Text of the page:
Soldiers at Iraq Outpost Keep Independence Day Vigil
By Staff Sgt. Jon Cupp, USA
Special to American Forces Press Service
TAJI, Iraq, Jul. 5, 2007 As the United States celebrated its Independence Day, soldiers continued working, standing guard and going on patrols staged from Coalition Outpost X-Ray near here.
Pvt. Brandon Reed, a scout with Troop C, 1st Squadron, 7th Cavalry Regiment, climbs rapidly into a gunner’s turret on a Humvee at Coalition Outpost X-Ray, Iraq, on July 3 after his platoon receives orders to go on an unscheduled mission. Photo by Staff Sgt. Jon Cupp, USA
(Click photo for screen-resolution image);high-resolution image available.
Instead of fireworks and family picnics, soldiers from Troop C, 1st Squadron, 7th Cavalry Regiment, focused on their missions to clear the area of insurgent threats and just living from one day to the next at the outpost, Capt. David Fulton, Troop C commander, said.
“It’s a great holiday to reflect on, and in many ways it is a soldier’s holiday, because a lot of soldiers have sacrificed for our freedoms, which is in keeping with the spirit of Independence Day,” Fulton said. “At this time, everyone’s thoughts are with family back home, and it’s a typical experience here to miss the wife and kids and the things that they’re doing on the home front.”
But the Troop C soldiers don’t have the luxury of celebrating the holiday, the captain said. “We’re doing a real-world mission, and it’s not going to pause or stop, so we’re just going to continue doing what we’re doing,” he said.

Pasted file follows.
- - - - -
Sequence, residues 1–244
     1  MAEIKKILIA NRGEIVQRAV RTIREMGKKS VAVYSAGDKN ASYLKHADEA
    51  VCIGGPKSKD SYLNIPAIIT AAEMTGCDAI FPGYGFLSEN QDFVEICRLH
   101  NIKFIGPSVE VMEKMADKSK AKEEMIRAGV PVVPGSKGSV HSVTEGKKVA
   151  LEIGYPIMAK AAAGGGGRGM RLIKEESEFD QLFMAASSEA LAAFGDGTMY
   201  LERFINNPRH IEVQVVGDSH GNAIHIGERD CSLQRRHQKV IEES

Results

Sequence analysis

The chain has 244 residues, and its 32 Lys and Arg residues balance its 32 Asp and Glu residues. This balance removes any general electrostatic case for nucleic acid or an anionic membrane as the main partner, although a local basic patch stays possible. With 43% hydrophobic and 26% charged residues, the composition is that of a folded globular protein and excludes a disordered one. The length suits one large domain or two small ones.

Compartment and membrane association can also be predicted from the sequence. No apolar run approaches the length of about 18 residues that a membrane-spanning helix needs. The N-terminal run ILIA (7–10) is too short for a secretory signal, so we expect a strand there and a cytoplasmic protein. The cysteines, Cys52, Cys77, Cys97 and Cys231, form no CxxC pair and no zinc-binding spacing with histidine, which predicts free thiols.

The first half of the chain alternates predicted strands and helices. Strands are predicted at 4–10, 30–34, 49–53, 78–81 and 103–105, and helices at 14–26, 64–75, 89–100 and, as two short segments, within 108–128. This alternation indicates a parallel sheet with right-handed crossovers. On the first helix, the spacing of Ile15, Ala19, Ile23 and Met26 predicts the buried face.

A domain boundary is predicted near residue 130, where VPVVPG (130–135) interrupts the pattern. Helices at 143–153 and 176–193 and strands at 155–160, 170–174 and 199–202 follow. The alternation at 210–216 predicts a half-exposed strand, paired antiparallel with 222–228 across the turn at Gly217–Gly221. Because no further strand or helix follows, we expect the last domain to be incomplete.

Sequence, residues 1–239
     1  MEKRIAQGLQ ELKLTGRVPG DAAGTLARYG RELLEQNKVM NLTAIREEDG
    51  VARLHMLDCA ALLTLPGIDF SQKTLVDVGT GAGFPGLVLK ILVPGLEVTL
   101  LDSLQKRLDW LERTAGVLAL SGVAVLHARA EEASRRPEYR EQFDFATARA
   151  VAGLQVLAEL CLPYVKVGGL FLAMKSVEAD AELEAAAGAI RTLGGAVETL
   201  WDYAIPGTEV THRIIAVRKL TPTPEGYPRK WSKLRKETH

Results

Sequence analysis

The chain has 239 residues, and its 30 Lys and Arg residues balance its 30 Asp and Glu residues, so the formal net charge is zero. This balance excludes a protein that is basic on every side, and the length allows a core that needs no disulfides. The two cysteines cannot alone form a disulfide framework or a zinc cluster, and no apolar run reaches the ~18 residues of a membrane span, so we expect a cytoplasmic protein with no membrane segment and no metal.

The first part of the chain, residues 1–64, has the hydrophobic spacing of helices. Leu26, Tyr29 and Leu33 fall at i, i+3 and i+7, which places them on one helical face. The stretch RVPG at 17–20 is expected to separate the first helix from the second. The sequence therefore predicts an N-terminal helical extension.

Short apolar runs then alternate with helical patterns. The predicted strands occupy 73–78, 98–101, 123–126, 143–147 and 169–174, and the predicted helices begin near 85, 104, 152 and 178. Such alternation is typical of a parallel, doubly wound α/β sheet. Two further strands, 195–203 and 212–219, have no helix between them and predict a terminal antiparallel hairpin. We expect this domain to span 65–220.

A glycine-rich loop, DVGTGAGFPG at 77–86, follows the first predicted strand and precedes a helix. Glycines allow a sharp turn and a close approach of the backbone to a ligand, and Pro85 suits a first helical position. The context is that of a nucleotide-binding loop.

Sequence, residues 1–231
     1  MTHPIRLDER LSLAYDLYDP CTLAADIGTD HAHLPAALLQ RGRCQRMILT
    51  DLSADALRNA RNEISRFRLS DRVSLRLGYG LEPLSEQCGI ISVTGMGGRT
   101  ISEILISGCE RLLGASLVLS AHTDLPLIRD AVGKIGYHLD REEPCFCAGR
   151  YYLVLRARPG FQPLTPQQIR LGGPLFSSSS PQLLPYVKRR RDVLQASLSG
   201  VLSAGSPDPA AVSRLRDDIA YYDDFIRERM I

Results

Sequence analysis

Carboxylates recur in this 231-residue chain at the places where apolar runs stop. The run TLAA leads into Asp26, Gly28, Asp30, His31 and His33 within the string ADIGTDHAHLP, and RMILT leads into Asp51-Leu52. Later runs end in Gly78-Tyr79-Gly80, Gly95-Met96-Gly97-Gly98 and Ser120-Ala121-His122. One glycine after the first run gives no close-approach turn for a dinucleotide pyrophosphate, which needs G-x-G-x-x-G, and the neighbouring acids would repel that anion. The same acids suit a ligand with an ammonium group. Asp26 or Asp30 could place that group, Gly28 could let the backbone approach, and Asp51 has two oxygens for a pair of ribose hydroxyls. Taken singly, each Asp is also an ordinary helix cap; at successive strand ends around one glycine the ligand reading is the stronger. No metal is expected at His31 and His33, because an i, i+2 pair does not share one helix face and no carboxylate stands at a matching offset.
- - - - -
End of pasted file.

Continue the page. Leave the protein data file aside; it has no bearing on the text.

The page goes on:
For soldiers who operate out of the outpost, being here for the holiday had its own meaning for them.
“Our role on this July 4th is helping the people of Iraq earn independence from tyranny and people who suppress them,” said Cpl. Charles Breeding, a medic for Headquarters Troop who is attached to Troop C. “I have a job to do, and I signed a paper to serve, and I’m also following in the footsteps of my father, who during his 20 years of service spent a lot of Fourth of Julys away from home too, but when he went on (rest and recuperation leave) during the Vietnam War, it was spent in-country. So, at least we have the chance to spend our leave at home.”
Breeding said he was proud to spend Independence Day as a medic to help his fellow soldiers. He misses his family, he said, but he also knows he has a job to do.
“My wife and a lot of the wives and kids out there are some of the true patriots, because they’re the ones who are also making a lot of sacrifices while we’re away,” he said.
Sgt. Jason Feaga, a mechanic for Troop C, works long hours in a maintenance bay repairing vehicles. Sometimes he stays up late just waiting for parts to arrive via a convoy to the outpost. Feaga admitted he would miss a few things over the holiday.
“I’ll definitely miss spending time with my wife and daughter,” Feaga said. “My daughter is walking now, and I’m going to miss hearing her say a few of the words she’s learned. If I were home now, we’d be going to a picnic or doing our own fireworks at home, and we’d also gather a few friends and family to play guitar.
“It doesn’t really bother me that much anymore, though,” he added. Feaga is on his second tour in Iraq and his third deployment overall – he served a 15-month stint in Korea. Each time, the deployment kept him away from home on the Fourth of July.